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Title: An inordinate fondness for Fusarium: Phylogenetic diversity of fusaria cultivated by Euwallacea ambrosia beetles on avocado and other plant hosts

Author
item Kasson, Matthew - Virginia Polytechnic Institution & State University
item O`donnell, Kerry
item Rooney, Alejandro - Alex
item Sink, Stacy
item Ploetz, Randy - University Of Florida
item Ploetz, Jill - University Of Florida
item Konkol, Joshua - University Of Florida
item Carrillo, Daniel - University Of Florida
item Freeman, Stanley - Volcani Center (ARO)
item Mendel, Zvi - Volcani Center (ARO)

Submitted to: Meeting Abstract
Publication Type: Abstract Only
Publication Acceptance Date: 8/14/2013
Publication Date: 8/14/2013
Citation: Kasson, M.T., O'Donnell, K., Rooney, A.P., Sink, S.L., Ploetz, R.C., Ploetz, J.D., Konkol, J.L., Carrillo, D., Freeman, S., Mendel, Z. 2013. An inordinate fondness for Fusarium: Phylogenetic diversity of fusaria cultivated by Euwallacea ambrosia beetles on avocado and other plant hosts [abstract]. American Phytopathological Society.

Interpretive Summary:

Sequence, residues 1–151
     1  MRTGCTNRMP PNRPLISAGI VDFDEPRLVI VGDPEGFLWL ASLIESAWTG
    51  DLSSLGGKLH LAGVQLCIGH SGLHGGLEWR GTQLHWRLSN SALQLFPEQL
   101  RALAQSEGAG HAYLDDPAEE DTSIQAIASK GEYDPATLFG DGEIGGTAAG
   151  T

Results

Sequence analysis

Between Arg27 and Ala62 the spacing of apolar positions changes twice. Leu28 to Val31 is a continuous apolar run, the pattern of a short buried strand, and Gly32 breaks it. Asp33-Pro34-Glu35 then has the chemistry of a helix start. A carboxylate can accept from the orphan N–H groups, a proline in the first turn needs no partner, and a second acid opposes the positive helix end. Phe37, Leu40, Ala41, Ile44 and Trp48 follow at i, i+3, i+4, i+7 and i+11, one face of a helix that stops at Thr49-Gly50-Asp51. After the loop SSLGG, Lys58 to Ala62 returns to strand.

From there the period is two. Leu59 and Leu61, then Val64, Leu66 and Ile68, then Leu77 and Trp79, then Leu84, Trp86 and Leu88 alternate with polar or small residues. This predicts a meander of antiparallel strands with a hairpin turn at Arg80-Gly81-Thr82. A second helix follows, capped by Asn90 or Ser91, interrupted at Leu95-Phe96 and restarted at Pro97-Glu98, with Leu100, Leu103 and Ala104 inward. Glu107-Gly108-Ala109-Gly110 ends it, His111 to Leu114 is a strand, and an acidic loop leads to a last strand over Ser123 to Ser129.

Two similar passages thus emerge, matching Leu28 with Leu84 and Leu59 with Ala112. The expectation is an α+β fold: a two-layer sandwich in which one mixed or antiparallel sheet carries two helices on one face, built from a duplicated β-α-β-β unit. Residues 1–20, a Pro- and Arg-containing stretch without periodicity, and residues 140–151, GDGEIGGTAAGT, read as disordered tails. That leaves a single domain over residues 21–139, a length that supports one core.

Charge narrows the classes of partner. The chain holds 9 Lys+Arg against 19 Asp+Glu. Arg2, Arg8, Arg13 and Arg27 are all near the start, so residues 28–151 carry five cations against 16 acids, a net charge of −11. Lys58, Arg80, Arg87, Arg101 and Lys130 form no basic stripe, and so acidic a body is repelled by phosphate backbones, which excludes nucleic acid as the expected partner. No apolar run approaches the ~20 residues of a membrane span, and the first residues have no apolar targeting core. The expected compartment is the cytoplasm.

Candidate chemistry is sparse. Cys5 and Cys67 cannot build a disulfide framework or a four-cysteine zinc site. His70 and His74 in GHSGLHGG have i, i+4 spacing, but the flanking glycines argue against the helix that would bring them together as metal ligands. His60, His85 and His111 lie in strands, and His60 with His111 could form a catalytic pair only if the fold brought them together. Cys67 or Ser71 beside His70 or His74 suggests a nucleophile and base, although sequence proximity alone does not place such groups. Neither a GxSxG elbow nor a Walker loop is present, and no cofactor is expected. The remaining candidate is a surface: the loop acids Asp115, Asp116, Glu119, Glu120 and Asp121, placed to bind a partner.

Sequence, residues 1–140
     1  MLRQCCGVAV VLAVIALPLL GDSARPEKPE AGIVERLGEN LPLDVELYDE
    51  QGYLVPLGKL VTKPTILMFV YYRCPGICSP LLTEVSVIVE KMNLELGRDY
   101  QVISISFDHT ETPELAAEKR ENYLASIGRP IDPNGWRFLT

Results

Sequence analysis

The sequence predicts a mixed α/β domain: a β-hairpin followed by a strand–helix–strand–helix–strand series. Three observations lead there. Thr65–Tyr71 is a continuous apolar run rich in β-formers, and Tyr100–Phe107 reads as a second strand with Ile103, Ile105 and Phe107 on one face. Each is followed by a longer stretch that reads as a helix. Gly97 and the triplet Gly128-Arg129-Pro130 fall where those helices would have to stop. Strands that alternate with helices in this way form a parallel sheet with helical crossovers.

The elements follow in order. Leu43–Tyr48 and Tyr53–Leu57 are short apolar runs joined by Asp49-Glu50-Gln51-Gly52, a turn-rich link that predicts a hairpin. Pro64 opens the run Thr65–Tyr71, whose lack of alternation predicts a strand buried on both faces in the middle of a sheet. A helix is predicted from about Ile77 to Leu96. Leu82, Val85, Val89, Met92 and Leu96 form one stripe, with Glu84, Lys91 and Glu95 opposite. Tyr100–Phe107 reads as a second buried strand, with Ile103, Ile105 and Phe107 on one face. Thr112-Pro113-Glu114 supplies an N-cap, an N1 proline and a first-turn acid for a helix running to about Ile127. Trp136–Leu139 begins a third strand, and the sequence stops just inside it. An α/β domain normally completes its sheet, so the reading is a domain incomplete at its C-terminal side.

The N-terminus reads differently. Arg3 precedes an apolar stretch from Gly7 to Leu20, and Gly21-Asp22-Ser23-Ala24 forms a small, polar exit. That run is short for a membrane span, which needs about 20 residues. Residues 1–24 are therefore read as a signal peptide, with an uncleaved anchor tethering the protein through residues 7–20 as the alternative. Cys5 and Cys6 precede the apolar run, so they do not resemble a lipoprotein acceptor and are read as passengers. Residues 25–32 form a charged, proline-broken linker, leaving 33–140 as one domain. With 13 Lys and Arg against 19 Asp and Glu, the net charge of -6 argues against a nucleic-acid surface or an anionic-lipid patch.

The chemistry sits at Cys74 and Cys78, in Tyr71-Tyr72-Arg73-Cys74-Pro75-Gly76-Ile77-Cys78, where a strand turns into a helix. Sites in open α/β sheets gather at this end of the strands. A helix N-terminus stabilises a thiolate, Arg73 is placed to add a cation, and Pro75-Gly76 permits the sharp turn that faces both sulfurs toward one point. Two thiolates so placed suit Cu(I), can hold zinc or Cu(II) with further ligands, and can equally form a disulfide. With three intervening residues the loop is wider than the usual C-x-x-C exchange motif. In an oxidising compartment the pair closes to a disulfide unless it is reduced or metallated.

Technical Abstract: Ambrosia beetle fungiculture represents one of the most ecologically and evolutionarily successful symbioses. Here we document the evolution of a clade within Fusarium associated with ambrosia beetles in the genus Euwallacea (Coleoptera: Scolytinae). Ambrosia Fusarium Clade (AFC) symbionts are unusual in that some are plant pathogens that cause significant damage in naïve natural and cultivated ecosystems, and currently threaten avocado production in the United States, Israel, and Australia. In a four-locus phylogenetic analysis, the AFC was resolved in a strongly supported monophyletic group within the previously described Clade 3 of the Fusarium solani species complex (FSSC). Divergence-time estimates place the origin of the AFC in the early Miocene ~21.2 Mya, which coincides with the hypothesized adaptive radiation of the Xyleborini. Two strongly supported clades within the AFC (Clades A and B) were identified that include nine species lineages associated with ambrosia beetles, eight with Euwallacea spp., and one reportedly with Xyleborus ferrugineus, and two lineages with no known beetle association. AFC lineages consisted mostly of genetically identical individuals associated with specific insect hosts in defined geographic locations, with at least three interspecific hybridization events inferred. Overall, these data are consistent with a strong evolutionary trend toward obligate symbiosis coupled with secondary contact and interspecific hybridization.